Fields in a MongoDB document can be indexed with primary and secondary indices.

Replication[edit]

MongoDB provides high availability with replica sets.[27] A replica set consists of two or more copies of the data. Each replica-set member may act in the role of primary or secondary replica at any time. All writes and reads are done on the primary replica by default. Secondary replicas maintain a copy of the data of the primary using built-in replication. When a primary replica fails, the replica set automatically conducts an election process to determine which secondary should become the primary. Secondaries can optionally serve read operations, but that data is only eventually consistent by default.

If the replicated MongoDB deployment only has a single secondary member, a separate daemon called an arbiter must be added to the set. It has a single responsibility, which is to resolve the election of the new primary.[28] As a consequence, an idealized distributed MongoDB deployment requires at least three separate servers, even in the case of just one primary and one secondary.[28]

Load balancing[edit]

MongoDB scales horizontally using sharding.[29] The user chooses a shard key, which determines how the data in a collection will be distributed. The data is split into ranges (based on the shard key) and distributed across multiple shards. (A shard is a master with one or more replicas.). Alternatively, the shard key can be hashed to map to a shard – enabling an even data distribution.

MongoDB can run over multiple servers, balancing the load or duplicating data to keep the system up and running in case of hardware failure.

File storage[edit]

MongoDB can be used as a file system, called GridFS, with load balancing and data replication features over multiple machines for storing files.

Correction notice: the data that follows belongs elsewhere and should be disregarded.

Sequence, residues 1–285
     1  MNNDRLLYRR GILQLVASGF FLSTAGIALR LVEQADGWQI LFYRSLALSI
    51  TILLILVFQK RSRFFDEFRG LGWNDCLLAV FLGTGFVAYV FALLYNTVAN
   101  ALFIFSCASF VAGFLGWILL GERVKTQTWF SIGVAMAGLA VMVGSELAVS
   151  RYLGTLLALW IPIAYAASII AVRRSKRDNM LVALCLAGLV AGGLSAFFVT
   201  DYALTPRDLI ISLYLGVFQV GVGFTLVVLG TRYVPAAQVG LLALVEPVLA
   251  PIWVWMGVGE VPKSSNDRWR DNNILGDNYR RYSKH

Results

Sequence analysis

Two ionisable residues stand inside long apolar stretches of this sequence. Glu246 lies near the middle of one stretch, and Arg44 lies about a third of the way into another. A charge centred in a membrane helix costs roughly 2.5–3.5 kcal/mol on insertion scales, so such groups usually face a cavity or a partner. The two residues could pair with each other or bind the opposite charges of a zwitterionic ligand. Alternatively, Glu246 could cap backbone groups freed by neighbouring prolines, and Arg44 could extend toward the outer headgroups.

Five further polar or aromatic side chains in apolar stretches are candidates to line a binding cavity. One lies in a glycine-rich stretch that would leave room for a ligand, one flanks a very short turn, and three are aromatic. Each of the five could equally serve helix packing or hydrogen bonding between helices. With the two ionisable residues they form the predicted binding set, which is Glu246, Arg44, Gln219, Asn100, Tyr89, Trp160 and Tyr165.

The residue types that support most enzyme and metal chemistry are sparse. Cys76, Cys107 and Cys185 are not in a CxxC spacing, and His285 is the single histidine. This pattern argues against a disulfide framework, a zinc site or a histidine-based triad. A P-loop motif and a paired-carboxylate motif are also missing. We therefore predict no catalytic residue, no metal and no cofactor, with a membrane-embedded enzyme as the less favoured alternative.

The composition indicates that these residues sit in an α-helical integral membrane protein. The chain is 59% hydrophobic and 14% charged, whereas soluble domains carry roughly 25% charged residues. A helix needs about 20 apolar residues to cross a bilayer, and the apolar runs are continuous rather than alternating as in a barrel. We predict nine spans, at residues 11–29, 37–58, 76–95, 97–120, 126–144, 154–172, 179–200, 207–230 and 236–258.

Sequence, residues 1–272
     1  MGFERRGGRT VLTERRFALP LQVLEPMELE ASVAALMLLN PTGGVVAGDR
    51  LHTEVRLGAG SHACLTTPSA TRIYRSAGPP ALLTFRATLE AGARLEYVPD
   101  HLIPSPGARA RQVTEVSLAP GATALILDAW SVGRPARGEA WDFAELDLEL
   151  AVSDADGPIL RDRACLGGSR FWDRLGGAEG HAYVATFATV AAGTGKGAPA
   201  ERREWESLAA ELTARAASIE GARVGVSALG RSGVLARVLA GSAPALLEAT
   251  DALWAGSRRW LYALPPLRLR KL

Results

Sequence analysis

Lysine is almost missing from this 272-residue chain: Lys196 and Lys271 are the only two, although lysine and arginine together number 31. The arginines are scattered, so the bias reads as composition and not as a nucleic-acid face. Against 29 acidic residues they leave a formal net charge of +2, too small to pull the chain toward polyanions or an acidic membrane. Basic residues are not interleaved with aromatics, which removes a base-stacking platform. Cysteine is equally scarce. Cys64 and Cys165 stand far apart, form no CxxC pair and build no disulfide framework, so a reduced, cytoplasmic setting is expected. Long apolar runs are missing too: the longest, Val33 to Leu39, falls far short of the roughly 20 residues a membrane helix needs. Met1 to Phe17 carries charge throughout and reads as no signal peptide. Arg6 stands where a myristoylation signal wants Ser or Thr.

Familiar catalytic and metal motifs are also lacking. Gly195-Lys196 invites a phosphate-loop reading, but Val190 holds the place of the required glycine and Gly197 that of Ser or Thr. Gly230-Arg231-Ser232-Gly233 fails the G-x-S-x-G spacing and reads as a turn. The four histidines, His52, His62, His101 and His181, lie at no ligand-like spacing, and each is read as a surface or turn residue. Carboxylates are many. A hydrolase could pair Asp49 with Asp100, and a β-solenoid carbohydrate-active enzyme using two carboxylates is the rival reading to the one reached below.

This function, called grid file system,[30] is included with MongoDB drivers. MongoDB exposes functions for file manipulation and content to developers. GridFS can be accessed using mongofiles utility or plugins for Nginx[31] and lighttpd.[32] GridFS divides a file into parts, or chunks, and stores each of those chunks as a separate document.[33]

Aggregation[edit]

MongoDB provides three ways to perform aggregation: the aggregation pipeline, the map-reduce function, and single-purpose aggregation methods.[34]

Map-reduce can be used for batch processing of data and aggregation operations. But according to MongoDB's documentation, the Aggregation Pipeline provides better performance for most aggregation operations.[35]

The aggregation framework enables users to obtain the kind of results for which the SQL GROUP BY clause is used. Aggregation operators can be strung together to form a pipeline – analogous to Unix pipes. The aggregation framework includes the $lookup operator which can join documents from multiple collections, as well as statistical operators such as standard deviation.

Server-side JavaScript execution[edit]

JavaScript can be used in queries, aggregation functions (such as MapReduce), and sent directly to the database to be executed.

Capped collections[edit]